When Nora* went in for a routine foot surgery, she never dreamed it would turn her entire life upside down. Things went well, initially, and she was sent home on schedule. However, the pain medication she was on led to a bowel obstruction, and when her bowel ruptured, she became septic. She spent more than a month in the ICU and had three more surgeries, including one to create a colostomy.
These life changes, especially learning to manage a colostomy bag, left Nora depressed, fearful and anxious. She felt unable to understand or accept what had happened to her. Because she was unable to pursue many of the activities that had previously brought her joy, her life seemed pointless to her.
Nora made a series of appointments with her primary care provider (PCP) – not for her physical needs, but because she desperately needed to talk about what had happened to her. Luckily, Nora received primary care at Mercy Family Medicine in Durango, CO – one of Centura Health’s clinics with an Integrated Behavioral Health program. When her PCP began to understand the depths of Nora’s needs, she was referred to the clinic’s behavioral health consultant, Elaine Blackmer, LPC, DBTC, who partnered with the primary care provider to give Nora the whole health support she needed during a time of immense change and emotional distress.
The Integrated Behavioral Health model places behavioral health consultants within Centura Health Physician Group clinics, working closely with PCPs to address the whole health needs of our patients. The program works to support all behavioral health needs, but maintains a strong focus on depression, screening patients for signs of depression at every visit and incorporating the support of an in-house behavioral health consultant whenever a need is identified.
“In-house behavioral health services mitigate the risk of people falling through the cracks,” said Amber Pace, LCSW, LAC, Director of Integrated Behavioral Health for Centura Health Physician Group (CHPG). “When you’re already struggling, even if you have been referred to see a behavioral health provider, it can be incredibly difficult to take the initiative to reach out. At clinics with Integrated Behavioral Health, our patients don’t have to take that difficult step. We are able to do it for them.”
Integrated Behavioral Health also provides a vital support for our providers. Depression correlates strongly with chronic diseases, which are typically managed by a PCP. Because of this, and because of the significant shortage of behavioral health services in the regions we
serve, the majority of antidepressants are prescribed by physicians without consulting with a specialist in behavioral health – and behavioral health providers’ specialized expertise can provide invaluable insight into identifying the right medication for the needs of each individual.
“There is a significant shortage of behavioral health services in our communities, and frequently our PCPs have to step up to fill that gap for their patients,” said Dr. Krista Ault, Medical Director, Mercy Primary Care. “By offering Integrated Behavioral Health services right in our primary care offices, we are better positioned to address that integral aspect of whole health care.”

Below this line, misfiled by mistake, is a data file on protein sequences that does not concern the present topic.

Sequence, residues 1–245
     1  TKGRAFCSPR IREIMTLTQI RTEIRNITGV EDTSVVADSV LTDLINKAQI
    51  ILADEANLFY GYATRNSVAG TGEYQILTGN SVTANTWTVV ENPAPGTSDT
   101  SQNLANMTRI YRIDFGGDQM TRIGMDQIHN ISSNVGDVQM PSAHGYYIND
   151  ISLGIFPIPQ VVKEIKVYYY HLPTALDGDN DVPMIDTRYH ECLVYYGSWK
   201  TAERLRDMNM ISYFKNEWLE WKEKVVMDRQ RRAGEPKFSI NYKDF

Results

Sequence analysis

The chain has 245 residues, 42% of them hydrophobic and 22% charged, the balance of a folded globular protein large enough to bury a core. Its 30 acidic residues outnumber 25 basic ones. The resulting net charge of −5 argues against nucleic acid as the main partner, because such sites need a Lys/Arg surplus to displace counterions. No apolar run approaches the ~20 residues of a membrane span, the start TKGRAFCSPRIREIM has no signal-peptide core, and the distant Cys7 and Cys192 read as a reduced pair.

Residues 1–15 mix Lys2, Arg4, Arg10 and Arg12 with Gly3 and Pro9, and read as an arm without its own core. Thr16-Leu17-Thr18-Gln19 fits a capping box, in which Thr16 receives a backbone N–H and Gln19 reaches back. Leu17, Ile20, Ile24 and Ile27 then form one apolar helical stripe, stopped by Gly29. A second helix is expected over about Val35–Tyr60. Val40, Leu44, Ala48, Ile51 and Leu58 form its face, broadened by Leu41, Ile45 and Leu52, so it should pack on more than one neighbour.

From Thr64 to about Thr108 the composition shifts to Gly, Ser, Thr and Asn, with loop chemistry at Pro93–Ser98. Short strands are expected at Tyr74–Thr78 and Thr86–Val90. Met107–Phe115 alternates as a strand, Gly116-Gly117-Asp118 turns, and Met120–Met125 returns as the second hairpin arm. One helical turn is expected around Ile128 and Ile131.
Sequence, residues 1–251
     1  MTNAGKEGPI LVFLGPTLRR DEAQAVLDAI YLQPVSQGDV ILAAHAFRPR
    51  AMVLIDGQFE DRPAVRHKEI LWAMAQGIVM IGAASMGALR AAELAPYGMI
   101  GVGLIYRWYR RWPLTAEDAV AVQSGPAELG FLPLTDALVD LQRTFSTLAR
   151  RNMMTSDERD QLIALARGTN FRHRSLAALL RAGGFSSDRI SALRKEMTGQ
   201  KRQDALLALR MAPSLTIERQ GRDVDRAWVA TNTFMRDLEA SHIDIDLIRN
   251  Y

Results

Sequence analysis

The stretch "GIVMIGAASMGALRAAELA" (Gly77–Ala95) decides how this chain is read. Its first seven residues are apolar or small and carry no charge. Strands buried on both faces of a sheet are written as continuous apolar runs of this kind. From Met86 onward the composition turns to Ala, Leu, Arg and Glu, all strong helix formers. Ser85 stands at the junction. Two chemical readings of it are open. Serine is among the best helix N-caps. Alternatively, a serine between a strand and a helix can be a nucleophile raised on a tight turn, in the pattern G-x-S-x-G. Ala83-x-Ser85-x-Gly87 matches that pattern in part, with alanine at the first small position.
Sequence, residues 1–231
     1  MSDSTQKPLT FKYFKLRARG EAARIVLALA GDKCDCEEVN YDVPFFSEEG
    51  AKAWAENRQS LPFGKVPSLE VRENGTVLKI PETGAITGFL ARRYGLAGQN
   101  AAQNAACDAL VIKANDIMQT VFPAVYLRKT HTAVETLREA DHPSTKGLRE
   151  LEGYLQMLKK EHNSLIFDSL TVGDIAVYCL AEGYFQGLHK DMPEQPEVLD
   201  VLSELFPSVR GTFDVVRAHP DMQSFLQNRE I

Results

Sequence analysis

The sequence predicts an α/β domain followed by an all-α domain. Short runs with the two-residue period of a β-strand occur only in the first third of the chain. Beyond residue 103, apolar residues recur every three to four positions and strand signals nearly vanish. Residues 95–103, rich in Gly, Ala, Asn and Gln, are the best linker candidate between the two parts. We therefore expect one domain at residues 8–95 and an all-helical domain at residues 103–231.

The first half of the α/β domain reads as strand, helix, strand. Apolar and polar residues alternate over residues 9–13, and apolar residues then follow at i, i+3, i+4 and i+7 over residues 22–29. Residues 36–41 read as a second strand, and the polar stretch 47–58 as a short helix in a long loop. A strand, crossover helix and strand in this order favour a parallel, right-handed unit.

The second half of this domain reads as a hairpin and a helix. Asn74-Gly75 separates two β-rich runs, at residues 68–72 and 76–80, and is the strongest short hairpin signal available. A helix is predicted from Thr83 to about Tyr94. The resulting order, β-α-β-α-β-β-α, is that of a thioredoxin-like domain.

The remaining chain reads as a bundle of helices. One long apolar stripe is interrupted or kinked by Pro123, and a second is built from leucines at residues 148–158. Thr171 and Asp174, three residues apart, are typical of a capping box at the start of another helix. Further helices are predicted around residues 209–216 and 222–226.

From the very first session with Elaine, Nora began to regain hope and a belief that her life might become livable again. She engaged enthusiastically in her therapy, bringing a notebook to write down new ideas and trying new skills as they were offered.
“It wasn’t long before a twinkle began to come back into her eyes, and we saw renewed enthusiasm for life,” said Elaine. “She became more active and reached out to old friends. As often occurs with life’s great challenges, she began to find new strength and wisdom in herself.”
Nora’s PCP partnered closely with Elaine, each keeping the other updated of Nora’s needs and progress. At one point, Elaine identified a need for anti-depressant medication, discussed this with Nora, and an appointment was made to discuss this medication with her PCP. The PCP, Elaine and Nora all attended this appointment to be sure Nora was well informed and to support her in making a medication decision that was right for her.
“We still have some work to do, but her challenges and negativity have improved tremendously,” said Elaine. “She has expressed her appreciation for our Integrated Behavioral Health program many, many times.”
Thanks to multiple grants, Centura Health has now expanded its Integrated Behavioral Health program into 29 CHPG clinics across Colorado, including in the Denver metro area, Frisco, Longmont, Avista, Durango, Pueblo and Cañon City. The program is aimed at short-term solutions, typically seeing patients no more than 12 times in primary care to help manage their symptoms, and then helping establish a longer-term relationship with a behavioral health provider if ongoing support is needed.
This program also works to build bridges with community support services than can help support our patients with a wide range of needs, all of which can impact mental and emotional well-being. With these connections in place, it becomes easier to connect patients with the support services they need in all aspects of life.
“Integrated Behavioral Health came about because there’s a real need in our communities – our Community Health Needs Assessments show that behavioral health is one of the most pressing needs in each of the communities we serve,” said Amber. “Part of supporting that need is making sure we support our patients where they already are.”
*Name has been changed to protect patient privacy.